After last year’s independent aid effectiveness review on the Australian Agency for International Development’s “fraud management,” the agency further intensified efforts to fight “fraud risks.” These efforts seem to be paying off.
Peter Baxter, director-general of the Australian Agency for International Development, boasted recently of the aid program’s success in cutting losses due to fraud — from some 1.4 million Australian dollars ($1.43 million) in fiscal 2010-2011 to AU$580,000 Australian dollars in fiscal 2011-2012, according to ABC News.
The reduction, Baxter says, was due to AusAID’s comprehensive approach to “combating fraud risks.” The program has “more than doubled” support for fraud control and has appointed fraud control officers in high-risk locations, according to a press release.
But these are not the only measures the aid agency has taken since the independent review of its aid program last year.
AusAID has introduced a risk and fraud management plan at every “post,” which it updates annually. It has also maintained a memorandum of understanding with the World Bank Integrity Vice Presidency, enabling the aid agency to stop dealing with organizations debarred by the bank and the other multilateral financial institutions that signed the cross-debarment agreement in 2010.
Further, AusAID has continued to review and audit specific fraud control mechanisms of its partner nongovernmental organizations, commercial contractors and tertiary institutions. This ensures their compliance in the agency’s “financial, contractual and activity management requirements, including fraud reporting and risk management,” an AusAID spokesman told Devex.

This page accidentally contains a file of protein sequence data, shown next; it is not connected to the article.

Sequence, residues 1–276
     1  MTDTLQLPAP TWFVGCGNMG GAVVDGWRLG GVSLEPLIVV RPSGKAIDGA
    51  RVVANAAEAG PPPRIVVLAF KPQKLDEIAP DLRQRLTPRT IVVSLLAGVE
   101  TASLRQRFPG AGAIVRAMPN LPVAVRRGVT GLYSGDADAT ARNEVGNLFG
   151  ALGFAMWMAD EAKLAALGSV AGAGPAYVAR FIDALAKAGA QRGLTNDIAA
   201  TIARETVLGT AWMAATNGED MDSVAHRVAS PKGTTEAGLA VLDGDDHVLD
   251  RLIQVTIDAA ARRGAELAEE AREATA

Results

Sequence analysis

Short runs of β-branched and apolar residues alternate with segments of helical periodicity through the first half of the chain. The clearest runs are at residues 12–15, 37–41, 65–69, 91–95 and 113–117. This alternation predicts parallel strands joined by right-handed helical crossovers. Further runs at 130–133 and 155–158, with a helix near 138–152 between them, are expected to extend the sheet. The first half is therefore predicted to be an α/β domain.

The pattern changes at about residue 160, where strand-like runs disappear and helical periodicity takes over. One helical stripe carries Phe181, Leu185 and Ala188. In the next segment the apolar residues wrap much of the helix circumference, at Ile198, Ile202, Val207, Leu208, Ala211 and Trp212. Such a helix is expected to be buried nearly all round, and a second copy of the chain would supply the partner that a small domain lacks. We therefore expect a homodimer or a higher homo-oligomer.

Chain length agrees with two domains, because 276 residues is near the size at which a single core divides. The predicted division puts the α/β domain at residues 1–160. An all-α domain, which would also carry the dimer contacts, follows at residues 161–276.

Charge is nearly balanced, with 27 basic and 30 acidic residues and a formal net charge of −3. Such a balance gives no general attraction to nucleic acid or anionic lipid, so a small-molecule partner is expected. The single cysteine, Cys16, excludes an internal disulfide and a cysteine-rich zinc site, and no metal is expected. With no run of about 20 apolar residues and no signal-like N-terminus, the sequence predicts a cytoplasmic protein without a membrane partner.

The agency has opened up a risk management and fraud control branch in March to boost its fraud control capacity as well. Moreover, countries are being “assessed in detail” before AusAID disburses funds to support development work, although the agency also provides assistance to these countries to improve oversight and fraud control.
Most cases of fraud were found in the Asia-Pacific region, including Papua New Guinea, Solomon Islands, Vanuatu, Fiji, Indonesia, the Philippines and Cambodia. “Significantly less cases” are found in countries in Africa and Latin America.
The agency was mired in controversy last year due to such cases of fraud. Documents acquired by media through the country’s Freedom of Information Act revealed fraud cases that involved corrupt overseas agencies and officials in some 27 countries.
Some cases under investigation involve falsification of documents concerning grant applications, alteration in check payments, and “collusion among tenderers and falsification of quotes submitted in tender processes.”
In April, Laurie Dunn, the agency’s first assistant director-general, expressed the difficulty of recovering money lost to fraud. But the spokesman said the latest estimated “figures are subject to change and potentially may improve as AusAID continues investigation of matters and makes further recovery efforts.”
Read more development aid news online, and subscribe to The Development Newswire to receive top international development headlines from the world’s leading donors, news sources and opinion leaders — emailed to you FREE every business day.